Artificial Intelligence can also help restore sight to the blind. In 1929, scientists discovered that stimulating the area of the brain that controls vision will allow a blind person to see phosphenes, or points of light. Some researchers are trying to use this fact to create a substitute for normal vision in blind people.
This is not the only way AI researchers are trying to assist the blind to see. In December of 2005, a Swiss company announced a successful implantation of their Learning Retinal Implant System. It replaced the communication between a retina and a retina’s nerve cells with its own data and passes this data on to the optic nerve in the brain. It is the most complex and far reaching retinal implant used in humans to date.
This system consists of an implant that is surgically inserted into the patient’s eye. A pair of glasses that contain a mini-camera and transmitter sends transmissions to a processor. The processor, about the size of a walkman, is carried around by the patient in his pocket. The processor will allow a previously blind person to see sizes, positions, movement, and shapes of objects. The patient will no longer need a cane or guide dog, and will become far more mobile.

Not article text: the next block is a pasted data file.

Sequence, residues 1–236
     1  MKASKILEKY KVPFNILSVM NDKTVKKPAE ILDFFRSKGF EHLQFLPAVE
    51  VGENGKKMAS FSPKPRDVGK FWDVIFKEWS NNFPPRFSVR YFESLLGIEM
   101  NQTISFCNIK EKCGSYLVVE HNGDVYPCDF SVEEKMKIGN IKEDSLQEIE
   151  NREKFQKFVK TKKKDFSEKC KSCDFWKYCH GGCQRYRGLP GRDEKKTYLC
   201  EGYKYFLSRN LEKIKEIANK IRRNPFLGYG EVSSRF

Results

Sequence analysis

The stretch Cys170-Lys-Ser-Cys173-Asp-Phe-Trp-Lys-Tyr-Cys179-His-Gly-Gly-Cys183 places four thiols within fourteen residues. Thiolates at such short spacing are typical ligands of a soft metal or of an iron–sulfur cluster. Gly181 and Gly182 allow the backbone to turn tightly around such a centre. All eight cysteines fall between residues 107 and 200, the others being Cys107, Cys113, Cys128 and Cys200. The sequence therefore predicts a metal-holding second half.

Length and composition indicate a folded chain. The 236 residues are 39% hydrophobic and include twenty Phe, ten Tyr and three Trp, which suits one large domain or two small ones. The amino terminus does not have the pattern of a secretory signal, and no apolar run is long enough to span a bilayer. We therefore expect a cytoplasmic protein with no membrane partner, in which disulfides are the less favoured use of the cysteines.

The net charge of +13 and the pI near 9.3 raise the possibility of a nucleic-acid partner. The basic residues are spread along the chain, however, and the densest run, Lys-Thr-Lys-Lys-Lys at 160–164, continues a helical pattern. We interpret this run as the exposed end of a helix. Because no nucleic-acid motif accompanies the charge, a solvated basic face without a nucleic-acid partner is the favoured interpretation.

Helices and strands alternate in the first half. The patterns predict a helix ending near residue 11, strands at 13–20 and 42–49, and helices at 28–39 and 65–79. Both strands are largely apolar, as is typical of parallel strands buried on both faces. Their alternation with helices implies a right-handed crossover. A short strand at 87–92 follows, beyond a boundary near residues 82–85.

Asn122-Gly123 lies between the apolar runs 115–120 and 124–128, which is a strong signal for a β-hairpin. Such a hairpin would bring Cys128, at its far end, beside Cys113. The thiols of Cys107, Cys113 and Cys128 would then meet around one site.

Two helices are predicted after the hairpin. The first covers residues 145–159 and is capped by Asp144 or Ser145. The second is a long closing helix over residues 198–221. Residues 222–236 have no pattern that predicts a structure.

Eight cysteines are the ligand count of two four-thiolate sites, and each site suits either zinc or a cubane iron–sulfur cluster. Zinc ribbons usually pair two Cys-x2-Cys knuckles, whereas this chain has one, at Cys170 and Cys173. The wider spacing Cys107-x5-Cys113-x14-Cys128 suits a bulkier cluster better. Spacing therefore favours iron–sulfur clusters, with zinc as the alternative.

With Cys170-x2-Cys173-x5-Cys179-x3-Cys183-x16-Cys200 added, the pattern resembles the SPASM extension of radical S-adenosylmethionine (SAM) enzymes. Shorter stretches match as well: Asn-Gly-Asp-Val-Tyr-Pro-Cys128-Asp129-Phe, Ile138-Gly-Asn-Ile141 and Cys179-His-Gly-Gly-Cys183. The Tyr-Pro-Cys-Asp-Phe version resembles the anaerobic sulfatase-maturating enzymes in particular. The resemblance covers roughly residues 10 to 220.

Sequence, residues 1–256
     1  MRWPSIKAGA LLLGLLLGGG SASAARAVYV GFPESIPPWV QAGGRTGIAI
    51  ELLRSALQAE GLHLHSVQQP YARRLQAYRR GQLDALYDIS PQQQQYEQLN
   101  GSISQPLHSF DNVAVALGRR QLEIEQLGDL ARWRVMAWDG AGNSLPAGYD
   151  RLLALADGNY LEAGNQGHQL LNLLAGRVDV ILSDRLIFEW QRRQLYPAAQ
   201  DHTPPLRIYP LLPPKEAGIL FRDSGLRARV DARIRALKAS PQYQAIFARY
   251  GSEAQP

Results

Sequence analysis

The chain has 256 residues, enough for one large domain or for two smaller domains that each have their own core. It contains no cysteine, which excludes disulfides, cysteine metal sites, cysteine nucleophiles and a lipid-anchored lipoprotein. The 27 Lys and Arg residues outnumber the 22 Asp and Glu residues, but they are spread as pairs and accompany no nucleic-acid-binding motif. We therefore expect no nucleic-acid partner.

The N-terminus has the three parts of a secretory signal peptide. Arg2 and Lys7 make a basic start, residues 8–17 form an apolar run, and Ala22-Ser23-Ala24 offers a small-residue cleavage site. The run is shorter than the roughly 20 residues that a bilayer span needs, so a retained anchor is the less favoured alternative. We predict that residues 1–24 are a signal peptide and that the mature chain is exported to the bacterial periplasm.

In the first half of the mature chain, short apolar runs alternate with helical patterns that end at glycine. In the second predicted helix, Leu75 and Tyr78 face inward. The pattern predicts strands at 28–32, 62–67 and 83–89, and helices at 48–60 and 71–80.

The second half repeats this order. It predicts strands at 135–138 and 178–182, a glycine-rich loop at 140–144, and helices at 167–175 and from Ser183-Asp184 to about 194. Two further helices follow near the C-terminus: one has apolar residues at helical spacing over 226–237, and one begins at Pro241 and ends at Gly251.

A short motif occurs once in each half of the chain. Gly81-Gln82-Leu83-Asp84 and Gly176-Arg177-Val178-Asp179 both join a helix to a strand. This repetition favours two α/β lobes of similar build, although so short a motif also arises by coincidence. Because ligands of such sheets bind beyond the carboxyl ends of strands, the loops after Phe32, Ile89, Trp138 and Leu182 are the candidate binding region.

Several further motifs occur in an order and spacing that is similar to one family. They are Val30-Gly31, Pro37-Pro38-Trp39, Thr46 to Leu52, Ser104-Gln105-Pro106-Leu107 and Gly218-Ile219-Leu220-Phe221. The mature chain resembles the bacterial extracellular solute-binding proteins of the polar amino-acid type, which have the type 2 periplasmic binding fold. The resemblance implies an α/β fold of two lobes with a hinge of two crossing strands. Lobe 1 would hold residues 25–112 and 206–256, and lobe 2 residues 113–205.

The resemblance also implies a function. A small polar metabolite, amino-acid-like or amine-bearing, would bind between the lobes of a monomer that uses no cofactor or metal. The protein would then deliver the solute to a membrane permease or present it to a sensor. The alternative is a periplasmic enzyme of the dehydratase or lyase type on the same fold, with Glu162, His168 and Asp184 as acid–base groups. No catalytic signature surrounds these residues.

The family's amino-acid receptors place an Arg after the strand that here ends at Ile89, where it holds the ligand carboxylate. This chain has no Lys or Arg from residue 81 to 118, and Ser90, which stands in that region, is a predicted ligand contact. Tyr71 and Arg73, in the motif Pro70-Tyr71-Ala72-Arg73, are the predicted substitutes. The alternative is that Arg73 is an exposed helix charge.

Until these solutions are perfected and made widely available, pattern recognition technology of today can help blind people to read text that is not available in Braille. Pattern recognition technology works like this: the reading material is scanned into the computer, and the software “looks” at the characters on the page. The computer contains a library of words and their pronunciations, so it can match the written text with audible speech and read the text back to the user.